¶ 12 The second incident occurred on January 23, 1997. At 4:30 p.m. on that date, the LINE Unit set up surveillance at the intersection of 46th and Sansom Streets in Philadelphia. In this case, Officer Myra Malvo directed the surveillance, with Officer Jones assisting her. Their surveillance location was from inside a vehicle approximately forty feet from the corner of the intersection where Appellant and his accomplice stood. Despite the late hour, the officers could see clearly because they were using binoculars and because the corner where Appellant and his accomplice stood was well lit by streetlights.

    ¶ 13 Again, Appellant and his accomplice, Malik Johnson, were approached by three people. The first person approached in a burgundy car. The auto stopped at the corner and Appellant and his accomplice walked over to the vehicle. Appellant then reached inside his pocket and handed something into the car. Officer Malvo could not see inside this car because the windows were darkly tinted. The car then drove away.

    ¶ 14 Next, a black Chrysler New Yorker pulled up to the curb at the corner. The driver of this car parked, got out of the auto and walked over to Appellant and his accomplice. At that point, he gave the accomplice U.S. currency. Appellant then walked about twenty to thirty feet away, to a lawn area near 4543 Sansom Street. There, he bent over for a short period of time. Appellant returned to the corner and gave the driver of the New Yorker some small items. Officer Malvo then relayed a description of the driver and his car to her backup officers, who executed a stop of the driver and recovered narcotics in small tinted packets.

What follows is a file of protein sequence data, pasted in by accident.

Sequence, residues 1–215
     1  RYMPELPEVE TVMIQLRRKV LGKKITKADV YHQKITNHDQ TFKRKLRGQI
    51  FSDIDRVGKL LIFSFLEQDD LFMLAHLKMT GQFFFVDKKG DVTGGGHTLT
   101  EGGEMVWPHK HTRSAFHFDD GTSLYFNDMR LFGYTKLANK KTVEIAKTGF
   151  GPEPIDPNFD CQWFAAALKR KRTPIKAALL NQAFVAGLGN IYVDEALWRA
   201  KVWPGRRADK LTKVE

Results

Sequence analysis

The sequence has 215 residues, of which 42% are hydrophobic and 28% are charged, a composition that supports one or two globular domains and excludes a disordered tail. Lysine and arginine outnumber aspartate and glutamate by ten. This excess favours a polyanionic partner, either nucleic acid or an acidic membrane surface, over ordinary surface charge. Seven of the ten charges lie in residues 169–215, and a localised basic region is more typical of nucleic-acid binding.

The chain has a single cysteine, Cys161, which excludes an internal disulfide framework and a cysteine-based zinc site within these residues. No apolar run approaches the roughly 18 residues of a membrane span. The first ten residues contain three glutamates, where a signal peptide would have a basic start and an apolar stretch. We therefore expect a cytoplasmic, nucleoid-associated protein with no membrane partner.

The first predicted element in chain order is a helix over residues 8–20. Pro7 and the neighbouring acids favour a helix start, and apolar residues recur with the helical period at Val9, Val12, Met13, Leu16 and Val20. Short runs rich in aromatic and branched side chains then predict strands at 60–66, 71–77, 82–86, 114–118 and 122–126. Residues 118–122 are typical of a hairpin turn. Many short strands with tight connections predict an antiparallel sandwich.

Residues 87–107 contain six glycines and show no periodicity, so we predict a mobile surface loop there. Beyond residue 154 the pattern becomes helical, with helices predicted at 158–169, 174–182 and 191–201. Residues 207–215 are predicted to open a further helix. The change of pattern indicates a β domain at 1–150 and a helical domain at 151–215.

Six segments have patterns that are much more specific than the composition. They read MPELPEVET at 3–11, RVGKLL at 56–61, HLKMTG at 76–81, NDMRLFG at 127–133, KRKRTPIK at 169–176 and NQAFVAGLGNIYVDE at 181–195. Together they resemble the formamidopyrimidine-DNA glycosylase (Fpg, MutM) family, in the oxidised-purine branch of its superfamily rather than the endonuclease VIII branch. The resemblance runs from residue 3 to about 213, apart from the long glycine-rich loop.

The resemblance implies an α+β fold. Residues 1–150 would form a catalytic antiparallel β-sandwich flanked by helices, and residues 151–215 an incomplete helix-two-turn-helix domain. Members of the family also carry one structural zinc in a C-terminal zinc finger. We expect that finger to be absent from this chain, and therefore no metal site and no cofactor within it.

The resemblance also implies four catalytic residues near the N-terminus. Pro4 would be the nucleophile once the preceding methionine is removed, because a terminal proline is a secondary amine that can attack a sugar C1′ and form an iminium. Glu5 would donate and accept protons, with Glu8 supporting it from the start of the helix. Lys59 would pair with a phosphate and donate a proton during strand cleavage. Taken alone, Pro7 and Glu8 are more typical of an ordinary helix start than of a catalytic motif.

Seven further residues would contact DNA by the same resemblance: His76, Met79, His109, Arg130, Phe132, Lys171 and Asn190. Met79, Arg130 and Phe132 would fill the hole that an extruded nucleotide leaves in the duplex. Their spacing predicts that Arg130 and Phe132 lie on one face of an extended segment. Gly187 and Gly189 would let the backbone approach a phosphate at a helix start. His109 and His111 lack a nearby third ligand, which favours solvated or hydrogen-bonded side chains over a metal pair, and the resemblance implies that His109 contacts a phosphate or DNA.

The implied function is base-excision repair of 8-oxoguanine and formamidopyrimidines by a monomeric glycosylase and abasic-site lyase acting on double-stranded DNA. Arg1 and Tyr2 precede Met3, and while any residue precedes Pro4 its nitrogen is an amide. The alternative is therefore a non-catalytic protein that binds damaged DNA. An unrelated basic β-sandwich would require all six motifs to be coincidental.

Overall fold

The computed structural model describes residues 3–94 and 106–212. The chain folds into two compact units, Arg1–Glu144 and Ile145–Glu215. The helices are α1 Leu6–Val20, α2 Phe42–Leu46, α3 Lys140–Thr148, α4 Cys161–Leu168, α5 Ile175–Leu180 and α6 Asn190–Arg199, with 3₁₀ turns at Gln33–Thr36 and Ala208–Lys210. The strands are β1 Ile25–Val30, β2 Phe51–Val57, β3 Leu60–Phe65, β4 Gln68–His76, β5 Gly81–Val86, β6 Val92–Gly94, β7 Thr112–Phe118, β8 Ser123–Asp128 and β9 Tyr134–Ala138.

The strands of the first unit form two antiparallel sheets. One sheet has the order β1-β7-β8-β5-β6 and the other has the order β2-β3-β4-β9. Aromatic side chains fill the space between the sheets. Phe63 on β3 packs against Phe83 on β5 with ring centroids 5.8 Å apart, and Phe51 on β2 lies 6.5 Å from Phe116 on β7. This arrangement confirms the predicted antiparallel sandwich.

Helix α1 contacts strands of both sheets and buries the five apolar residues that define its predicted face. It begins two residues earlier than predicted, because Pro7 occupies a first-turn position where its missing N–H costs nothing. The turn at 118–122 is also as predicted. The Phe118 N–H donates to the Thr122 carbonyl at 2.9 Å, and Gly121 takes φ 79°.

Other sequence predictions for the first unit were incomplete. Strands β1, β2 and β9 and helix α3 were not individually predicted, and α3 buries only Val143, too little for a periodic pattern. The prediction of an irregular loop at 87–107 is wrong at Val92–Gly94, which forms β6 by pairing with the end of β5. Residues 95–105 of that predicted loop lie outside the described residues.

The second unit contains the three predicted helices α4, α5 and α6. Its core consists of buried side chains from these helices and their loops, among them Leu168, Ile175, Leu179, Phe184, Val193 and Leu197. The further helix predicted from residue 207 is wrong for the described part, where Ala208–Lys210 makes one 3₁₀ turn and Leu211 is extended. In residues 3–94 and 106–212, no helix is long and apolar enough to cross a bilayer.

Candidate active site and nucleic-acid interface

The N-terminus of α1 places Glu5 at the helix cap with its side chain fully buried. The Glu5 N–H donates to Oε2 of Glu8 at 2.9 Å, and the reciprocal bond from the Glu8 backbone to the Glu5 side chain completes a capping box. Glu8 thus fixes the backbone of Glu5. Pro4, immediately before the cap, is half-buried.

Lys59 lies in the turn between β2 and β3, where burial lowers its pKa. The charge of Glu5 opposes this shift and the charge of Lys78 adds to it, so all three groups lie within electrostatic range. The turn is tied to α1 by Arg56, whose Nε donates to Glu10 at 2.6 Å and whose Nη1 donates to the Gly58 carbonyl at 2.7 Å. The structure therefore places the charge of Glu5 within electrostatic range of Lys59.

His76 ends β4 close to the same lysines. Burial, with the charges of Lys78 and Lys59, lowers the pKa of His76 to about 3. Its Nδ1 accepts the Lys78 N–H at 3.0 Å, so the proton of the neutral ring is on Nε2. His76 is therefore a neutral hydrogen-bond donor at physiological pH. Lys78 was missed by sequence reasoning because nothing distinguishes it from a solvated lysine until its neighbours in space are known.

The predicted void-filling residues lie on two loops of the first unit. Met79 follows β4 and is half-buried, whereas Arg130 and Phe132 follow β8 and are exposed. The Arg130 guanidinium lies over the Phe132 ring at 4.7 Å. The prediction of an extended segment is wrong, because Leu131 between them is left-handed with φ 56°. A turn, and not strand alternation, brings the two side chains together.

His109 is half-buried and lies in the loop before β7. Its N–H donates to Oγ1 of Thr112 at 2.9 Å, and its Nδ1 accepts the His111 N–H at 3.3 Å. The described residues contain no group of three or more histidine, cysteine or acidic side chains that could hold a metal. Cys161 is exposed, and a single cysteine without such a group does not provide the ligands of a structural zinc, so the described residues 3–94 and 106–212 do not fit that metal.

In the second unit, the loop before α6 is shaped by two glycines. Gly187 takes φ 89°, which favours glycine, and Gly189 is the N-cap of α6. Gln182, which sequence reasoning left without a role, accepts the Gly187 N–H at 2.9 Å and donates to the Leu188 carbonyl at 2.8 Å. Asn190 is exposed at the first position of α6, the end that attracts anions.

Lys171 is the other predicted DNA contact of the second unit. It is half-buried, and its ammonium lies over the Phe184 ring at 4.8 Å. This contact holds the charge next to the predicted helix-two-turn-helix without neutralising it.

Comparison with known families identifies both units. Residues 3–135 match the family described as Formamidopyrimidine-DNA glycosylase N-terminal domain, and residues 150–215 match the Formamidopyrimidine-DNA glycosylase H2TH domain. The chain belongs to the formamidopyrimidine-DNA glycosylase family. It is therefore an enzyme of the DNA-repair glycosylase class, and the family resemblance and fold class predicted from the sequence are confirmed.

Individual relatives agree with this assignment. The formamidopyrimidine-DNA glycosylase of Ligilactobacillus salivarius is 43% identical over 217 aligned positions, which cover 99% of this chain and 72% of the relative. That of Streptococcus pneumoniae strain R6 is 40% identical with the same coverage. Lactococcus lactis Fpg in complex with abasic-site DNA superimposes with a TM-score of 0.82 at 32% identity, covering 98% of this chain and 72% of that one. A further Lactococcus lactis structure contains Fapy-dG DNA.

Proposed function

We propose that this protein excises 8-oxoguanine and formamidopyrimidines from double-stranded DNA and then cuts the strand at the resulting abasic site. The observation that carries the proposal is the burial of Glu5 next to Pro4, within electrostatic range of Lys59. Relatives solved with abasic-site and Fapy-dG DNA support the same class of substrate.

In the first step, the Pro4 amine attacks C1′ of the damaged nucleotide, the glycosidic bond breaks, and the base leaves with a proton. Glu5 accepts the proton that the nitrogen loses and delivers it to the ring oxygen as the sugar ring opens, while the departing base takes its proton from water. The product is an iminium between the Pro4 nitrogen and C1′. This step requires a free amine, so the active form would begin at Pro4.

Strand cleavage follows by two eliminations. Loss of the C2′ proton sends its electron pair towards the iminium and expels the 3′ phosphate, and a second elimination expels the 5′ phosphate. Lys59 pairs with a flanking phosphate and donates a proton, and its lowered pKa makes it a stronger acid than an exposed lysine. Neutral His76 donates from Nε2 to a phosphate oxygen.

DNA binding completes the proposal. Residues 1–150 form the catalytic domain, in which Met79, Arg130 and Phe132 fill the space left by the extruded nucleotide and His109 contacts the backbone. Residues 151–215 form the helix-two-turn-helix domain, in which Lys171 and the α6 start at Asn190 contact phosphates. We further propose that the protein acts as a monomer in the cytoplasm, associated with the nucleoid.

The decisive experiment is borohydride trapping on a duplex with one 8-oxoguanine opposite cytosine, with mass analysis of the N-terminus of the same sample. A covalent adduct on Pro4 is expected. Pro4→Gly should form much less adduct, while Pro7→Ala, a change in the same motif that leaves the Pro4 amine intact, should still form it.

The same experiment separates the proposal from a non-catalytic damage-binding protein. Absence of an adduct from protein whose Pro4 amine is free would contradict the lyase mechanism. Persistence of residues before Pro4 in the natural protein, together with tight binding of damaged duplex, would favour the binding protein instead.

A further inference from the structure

¶ 15 While these officers were waiting for a marked police car to come and transport the driver to the station, Officer Malvo observed a third individual approach Appellant and his accomplice on foot. This time, the person handed currency directly to Appellant. Appellant again went to the lawn area, returned, and gave the individual some small items.